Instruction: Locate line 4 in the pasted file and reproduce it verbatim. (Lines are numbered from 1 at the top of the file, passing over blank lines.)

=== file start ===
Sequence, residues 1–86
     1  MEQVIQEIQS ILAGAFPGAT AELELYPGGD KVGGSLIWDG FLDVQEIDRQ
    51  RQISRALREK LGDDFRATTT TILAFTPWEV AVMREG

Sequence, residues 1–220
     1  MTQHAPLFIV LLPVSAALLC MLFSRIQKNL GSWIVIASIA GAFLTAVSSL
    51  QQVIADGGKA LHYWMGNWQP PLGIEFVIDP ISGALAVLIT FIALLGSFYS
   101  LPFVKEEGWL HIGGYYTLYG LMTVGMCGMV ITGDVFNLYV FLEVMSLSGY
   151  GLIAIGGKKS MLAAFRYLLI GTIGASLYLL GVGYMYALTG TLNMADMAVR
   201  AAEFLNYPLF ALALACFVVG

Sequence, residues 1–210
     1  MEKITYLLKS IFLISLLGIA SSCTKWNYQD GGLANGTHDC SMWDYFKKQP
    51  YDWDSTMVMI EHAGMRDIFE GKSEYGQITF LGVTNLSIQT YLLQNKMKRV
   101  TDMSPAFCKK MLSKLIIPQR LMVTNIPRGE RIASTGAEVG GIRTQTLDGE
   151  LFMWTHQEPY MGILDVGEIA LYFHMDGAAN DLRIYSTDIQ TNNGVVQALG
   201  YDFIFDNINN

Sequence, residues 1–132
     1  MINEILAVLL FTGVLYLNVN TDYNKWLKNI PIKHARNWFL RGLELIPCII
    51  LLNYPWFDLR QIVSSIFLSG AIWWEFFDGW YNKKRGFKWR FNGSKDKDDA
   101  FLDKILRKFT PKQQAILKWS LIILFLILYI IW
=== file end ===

Sequence, residues 1–220